The current exhibition continuing through August 23rd at the Talwar Gallery, New York, entitled Found, features the work of Indian and Sri Lankan artists Aishya Abraham, Muhanned Cader, and Srinivas Prasad. Grouped together for the first time for their use of found materials, these artists communicate in a language that speaks beyond the context of their immediate surroundings. Their visions converge in presentations appealing to universal feelings for time and history, and they stir a strong sense of nostalgia.
Ayisha Abraham’s grainy, amateur videos En Route or Of a Thousand Moons, 2011, gathered from discarded family archives, offer little in terms of actual documentation of time, place or history. Segments from various videos are presented in a seamless trajectory deliberately without reference to any specific tale or narrative. What emerges from these disparate montages of found footage is reference to irretrievable moments of bygone years—simple pleasures derived from family gatherings, children growing up, family excursions and travel. These tug at one’s basic nostalgic feelings for a period of past tranquility. The disjointed capsules require viewers to fill in the gaps in the film to create a cohesive narrative and language. Yet the lack of specificity of time or place has a transformative power as these decontextualized segments compel a connection between the past and present, memory and imagination. This new landscape comprising various ahistorical familial bonds draws upon a revitalized sense of life and energy that appeals across borders and cultures.
Cader’s collages consist of images acquired from magazines across different genres and time periods to create strangely surreal forms. Often humorous and deeply engaging, each shape morphs from alluding to hidden meanings in its original context toward engagement with the new images as they emerge; that is, Cader’s reshaped forms of skyscrapers, landscapes, interior design, furniture and objects alter our perception as we see small parts of the whole. They recall historical sources sparingly. Images presented in an accordion format in Fan Book Collage, 2013, are reminiscent of a small diary filled with personal references known only to the author of the work. . As art historian Sharmini Pereira points out, “Details excavated from their original moorings” (1) pique one’s curiosity and imagination about the relationship between what is discarded and what is used. Most importantly, Cader does not use “abstraction as a pure end in itself” (2), instead to excerpt the form from its original context so that it does not resemble anything specific.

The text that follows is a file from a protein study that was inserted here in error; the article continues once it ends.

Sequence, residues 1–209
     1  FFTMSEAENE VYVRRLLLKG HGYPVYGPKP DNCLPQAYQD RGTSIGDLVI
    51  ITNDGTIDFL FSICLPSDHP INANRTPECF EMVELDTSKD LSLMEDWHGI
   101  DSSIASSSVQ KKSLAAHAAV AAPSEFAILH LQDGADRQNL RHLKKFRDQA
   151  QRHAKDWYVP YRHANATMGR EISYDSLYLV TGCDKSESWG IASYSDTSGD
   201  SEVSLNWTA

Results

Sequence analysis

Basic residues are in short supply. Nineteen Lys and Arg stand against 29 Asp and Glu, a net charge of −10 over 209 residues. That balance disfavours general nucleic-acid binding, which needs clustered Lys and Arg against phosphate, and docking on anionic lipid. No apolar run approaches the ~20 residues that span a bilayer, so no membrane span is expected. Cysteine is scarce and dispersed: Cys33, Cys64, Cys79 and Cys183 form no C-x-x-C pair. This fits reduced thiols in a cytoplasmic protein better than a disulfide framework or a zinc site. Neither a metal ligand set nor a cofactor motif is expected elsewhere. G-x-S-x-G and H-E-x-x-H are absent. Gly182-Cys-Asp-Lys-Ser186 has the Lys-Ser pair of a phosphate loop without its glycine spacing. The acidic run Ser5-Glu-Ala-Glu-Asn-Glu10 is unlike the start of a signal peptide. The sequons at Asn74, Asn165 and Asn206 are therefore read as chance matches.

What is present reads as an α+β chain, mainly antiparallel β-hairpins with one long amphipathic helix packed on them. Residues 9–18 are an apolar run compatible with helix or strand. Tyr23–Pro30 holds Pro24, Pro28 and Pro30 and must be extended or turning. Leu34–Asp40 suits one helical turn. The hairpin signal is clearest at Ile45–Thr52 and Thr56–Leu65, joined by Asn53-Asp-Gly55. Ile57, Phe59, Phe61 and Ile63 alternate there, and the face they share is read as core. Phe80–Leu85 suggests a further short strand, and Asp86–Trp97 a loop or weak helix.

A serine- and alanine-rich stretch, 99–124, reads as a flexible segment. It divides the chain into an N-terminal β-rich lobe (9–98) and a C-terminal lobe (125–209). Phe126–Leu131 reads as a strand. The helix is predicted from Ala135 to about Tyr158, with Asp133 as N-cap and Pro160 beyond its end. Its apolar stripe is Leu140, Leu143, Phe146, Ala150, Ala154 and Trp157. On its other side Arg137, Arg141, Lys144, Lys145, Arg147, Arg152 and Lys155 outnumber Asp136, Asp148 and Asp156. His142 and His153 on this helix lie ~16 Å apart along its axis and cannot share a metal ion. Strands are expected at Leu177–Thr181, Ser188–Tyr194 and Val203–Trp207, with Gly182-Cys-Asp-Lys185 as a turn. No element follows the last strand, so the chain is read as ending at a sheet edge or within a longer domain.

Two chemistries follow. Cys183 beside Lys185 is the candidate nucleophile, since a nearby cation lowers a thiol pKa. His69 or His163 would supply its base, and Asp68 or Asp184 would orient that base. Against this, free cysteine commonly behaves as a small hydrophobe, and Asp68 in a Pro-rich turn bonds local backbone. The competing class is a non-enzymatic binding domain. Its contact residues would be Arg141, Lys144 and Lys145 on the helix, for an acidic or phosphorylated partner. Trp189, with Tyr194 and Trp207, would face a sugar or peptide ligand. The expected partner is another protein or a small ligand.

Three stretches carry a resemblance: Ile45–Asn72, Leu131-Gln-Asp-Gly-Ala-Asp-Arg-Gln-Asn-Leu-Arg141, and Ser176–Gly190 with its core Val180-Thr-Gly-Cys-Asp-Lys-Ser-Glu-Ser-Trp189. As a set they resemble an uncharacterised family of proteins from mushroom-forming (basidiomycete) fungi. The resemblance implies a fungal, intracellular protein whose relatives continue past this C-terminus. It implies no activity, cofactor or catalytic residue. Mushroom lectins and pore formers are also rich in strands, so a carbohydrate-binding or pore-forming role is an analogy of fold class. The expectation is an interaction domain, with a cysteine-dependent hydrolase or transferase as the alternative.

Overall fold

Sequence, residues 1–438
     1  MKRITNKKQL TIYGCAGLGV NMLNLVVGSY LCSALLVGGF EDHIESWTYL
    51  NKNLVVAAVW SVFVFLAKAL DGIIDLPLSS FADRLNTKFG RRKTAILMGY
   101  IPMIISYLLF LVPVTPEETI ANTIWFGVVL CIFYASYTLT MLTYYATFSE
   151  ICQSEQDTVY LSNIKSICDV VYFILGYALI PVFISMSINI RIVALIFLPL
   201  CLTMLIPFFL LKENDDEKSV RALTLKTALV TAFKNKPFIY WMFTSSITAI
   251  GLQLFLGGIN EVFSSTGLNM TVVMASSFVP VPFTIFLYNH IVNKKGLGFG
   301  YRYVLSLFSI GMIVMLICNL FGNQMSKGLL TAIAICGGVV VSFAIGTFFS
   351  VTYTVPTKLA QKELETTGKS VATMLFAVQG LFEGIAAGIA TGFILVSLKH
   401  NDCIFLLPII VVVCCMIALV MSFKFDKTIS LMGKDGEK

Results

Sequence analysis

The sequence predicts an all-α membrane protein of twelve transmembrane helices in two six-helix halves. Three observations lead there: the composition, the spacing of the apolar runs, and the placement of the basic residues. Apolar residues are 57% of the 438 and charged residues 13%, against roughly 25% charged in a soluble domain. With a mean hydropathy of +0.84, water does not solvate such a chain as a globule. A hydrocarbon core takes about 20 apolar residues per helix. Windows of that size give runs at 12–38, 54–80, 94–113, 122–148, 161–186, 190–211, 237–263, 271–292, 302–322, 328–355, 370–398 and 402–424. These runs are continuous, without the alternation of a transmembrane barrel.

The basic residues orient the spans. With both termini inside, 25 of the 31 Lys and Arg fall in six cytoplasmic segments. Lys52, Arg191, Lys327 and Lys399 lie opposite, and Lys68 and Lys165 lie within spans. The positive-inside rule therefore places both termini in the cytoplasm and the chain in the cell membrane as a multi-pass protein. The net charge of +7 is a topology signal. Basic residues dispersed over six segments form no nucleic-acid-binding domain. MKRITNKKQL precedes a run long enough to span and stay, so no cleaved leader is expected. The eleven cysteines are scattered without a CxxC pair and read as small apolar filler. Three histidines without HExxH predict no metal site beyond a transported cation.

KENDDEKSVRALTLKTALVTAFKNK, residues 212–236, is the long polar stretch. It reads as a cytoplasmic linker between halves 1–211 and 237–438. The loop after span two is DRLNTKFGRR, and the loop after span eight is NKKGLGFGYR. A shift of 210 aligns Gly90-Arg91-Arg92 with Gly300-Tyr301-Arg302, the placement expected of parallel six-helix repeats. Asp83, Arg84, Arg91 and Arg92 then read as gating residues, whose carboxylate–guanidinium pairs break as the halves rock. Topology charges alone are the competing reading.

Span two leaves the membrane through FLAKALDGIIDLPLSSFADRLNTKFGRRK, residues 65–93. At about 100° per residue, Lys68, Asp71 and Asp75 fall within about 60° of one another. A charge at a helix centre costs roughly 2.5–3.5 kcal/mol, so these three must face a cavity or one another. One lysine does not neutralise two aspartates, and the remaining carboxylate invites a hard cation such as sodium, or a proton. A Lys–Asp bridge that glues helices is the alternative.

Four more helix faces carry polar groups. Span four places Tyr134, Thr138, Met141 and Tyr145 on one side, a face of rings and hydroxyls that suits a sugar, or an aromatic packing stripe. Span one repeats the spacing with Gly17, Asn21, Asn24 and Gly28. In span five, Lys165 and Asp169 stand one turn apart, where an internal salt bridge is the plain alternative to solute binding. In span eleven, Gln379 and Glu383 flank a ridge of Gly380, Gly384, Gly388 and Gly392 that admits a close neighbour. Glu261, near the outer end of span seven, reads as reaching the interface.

Cader’s collages takes us back to an imagined moment before “form and meaning were aligned into perfect registration.” (3) His work has been concerned with the non-linguistic representation of objects and ideas—forms that appeal to us before language—drawing us towards a deeper level that lies between language and imagery. The lack of frames in his art is in keeping with his belief that “truth or knowledge appears in fragments, mere parts of a larger, if intangible, whole.” (4)
Srinivas Prasad’s photographs of his outdoor installations and organic oval shapes, Gudu, 2013, as it is hung in the gallery, immediately recall birds’ nests, germination and the cycle of life. Inspired by his childhood in rural India, Prasad’s work is steeped in the use of natural materials and the rituals of farming. He uses thin strips of bamboo, steel wire, and Acacia leaves to create complex organic architectural structures in nature. These installations reverberate with the profound rhythms and tenuousness of life captured through the tactility and delicacy of the organic components. One is compelled to experience the physical and emotive potency of the work in a multi-sensory way. Both Cader and Prasad show a personal aesthetic and philosophical positioning in the way their works are put together—Cader for his unique shapes and forms that are deeply suggestive, and Prasad for the weightiness of his seemingly simple structures.
The exhibition enriches. Its expressive and aesthetic media encourage the act of looking and pondering. Through this process of contemplation one is transported beyond language, national boundaries, politics, and dogmas, toward some essentially shared human existence.